If you're keeping track of luxury carmakers dipping their toes into yachting waters, add Lexus to the list.
What is it with big-name carmakers and luxury sports yachts? Mercedes-Benz, Aston Martin, and Bugatti have all launched or shown concepts of yachts that are slick, fast, and expensive. Now we can add Lexus to the gang with the Lexus Sports Yacht, which was recently introduced at the Miami International Boat Show.
Toyota Motor Corporation has built sport utility yachts under the greater corporate wing since 1997, but the brand is Ponam, not Toyota, and it is sold only in Japan. Toyota president Akio Toyoda, described as a “master driver” in a corporate release, is responsible for the nautical Lexus. Toyoda was inspired when testing a Ponam model that it was time to design a premium performance yacht under the Lexus brand to represent the Lexus lifestyle internationally.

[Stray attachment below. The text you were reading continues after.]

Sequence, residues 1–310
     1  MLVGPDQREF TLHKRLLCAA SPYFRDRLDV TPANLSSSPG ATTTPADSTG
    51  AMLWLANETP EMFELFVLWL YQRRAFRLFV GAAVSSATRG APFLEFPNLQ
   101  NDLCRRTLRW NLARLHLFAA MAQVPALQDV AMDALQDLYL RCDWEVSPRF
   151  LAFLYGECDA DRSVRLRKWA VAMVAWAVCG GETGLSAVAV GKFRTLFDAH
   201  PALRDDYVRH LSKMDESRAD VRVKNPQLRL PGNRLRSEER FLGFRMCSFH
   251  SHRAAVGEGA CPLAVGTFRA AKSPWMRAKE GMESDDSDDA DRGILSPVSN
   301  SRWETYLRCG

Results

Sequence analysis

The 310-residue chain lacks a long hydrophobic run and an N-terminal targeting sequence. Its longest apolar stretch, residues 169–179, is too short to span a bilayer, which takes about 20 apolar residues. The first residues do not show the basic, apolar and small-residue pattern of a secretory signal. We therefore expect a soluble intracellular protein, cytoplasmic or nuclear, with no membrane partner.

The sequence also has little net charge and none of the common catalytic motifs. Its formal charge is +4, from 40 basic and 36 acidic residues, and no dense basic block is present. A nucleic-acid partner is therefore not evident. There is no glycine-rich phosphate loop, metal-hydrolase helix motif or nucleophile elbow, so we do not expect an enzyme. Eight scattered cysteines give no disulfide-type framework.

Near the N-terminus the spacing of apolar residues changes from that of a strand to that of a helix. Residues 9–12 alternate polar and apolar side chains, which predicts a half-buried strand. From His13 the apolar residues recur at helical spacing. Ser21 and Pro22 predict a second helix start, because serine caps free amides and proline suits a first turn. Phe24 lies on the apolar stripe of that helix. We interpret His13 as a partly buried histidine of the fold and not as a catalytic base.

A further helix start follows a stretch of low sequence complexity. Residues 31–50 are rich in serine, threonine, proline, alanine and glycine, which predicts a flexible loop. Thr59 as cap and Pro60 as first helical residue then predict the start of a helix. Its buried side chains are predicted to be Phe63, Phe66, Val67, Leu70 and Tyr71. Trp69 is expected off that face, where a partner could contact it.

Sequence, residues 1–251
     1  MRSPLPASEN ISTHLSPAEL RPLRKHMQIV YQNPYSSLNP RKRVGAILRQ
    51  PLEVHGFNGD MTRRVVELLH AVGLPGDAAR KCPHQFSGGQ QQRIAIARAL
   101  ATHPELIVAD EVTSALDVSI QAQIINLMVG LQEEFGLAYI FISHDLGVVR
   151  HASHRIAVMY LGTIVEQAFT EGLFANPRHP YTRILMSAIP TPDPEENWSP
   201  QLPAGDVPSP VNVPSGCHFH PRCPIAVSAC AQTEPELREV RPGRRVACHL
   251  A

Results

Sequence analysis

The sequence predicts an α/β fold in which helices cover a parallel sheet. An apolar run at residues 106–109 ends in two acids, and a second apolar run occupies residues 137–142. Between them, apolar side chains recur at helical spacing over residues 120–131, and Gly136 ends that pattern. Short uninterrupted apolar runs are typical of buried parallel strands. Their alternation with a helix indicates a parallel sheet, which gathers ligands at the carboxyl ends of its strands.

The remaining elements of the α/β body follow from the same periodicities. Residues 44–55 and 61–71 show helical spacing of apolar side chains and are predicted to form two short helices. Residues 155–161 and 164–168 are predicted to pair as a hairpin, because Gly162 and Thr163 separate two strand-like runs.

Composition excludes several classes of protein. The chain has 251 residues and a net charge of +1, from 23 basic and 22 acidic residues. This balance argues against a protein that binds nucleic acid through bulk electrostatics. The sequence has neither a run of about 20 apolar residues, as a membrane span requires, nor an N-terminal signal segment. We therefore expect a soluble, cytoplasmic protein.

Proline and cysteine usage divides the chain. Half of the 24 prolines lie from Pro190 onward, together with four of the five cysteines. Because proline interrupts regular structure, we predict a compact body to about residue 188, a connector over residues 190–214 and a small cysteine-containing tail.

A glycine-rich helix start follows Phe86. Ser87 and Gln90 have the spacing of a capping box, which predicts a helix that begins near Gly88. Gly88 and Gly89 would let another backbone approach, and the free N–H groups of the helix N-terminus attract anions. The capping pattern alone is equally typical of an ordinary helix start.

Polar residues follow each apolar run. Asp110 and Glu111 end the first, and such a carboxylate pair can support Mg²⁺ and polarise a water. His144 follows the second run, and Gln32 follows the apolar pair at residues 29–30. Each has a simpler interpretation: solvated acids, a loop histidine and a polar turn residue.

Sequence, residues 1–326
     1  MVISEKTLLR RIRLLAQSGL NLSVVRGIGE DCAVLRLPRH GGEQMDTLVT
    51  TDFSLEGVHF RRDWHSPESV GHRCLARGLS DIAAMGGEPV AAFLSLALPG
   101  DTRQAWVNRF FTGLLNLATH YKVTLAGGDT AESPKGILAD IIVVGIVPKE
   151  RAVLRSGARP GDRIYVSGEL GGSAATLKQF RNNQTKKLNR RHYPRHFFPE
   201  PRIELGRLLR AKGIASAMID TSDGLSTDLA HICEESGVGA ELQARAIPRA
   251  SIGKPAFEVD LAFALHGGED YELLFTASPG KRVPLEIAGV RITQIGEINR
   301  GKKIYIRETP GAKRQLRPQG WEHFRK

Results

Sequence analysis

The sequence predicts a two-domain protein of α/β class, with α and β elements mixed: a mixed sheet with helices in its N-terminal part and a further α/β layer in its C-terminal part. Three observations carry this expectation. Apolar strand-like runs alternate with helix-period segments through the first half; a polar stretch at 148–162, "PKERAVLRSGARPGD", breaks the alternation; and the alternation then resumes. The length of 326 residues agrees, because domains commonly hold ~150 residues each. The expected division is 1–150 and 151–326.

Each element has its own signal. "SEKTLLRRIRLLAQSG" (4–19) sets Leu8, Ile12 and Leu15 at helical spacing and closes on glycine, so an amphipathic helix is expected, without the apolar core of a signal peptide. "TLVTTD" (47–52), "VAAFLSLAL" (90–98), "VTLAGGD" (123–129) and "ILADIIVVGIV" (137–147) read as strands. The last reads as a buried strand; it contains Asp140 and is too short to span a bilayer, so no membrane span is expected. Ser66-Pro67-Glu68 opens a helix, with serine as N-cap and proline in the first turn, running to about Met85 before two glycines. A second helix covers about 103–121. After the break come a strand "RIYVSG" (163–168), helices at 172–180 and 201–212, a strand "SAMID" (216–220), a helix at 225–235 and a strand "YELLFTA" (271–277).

The 42-foot Lexus Sports Yacht is constructed of carbon-fiber reinforced plastic (CRFP), a material used in race cars and supercars. The stepped hull design that reduces drag and improves handling weighs 2,200 pounds less than a conventional hull made from fiberglass reinforced plastic on similar-sized yachts. Like the Ponam yachts, which use Toyota engines, the Sports Yacht uses homegrown power plants. In this case, the power comes from two Lexus V8 race car engines that produce a combined 885 horsepower. Top speed for the Sports Yacht is 43 knots or 49 miles per hour, according to CNN Money.
The yacht is designed for recreational touring with up to eight passengers. It has no staterooms or other sleeping quarters, but it does have a small galley and a shower.
There are no current plans to take the Lexus Sports Yacht beyond the concept stage at this time, according to the corporate statement. It could be Lexus wants to test the market for a luxury performance yacht in the U.S. It also serves as a message that Lexus can make impressive performance craft for the water. If Toyota decides not to go forward in the international yacht market, taking the concept out for a day could be a fun perk for high-performing executives.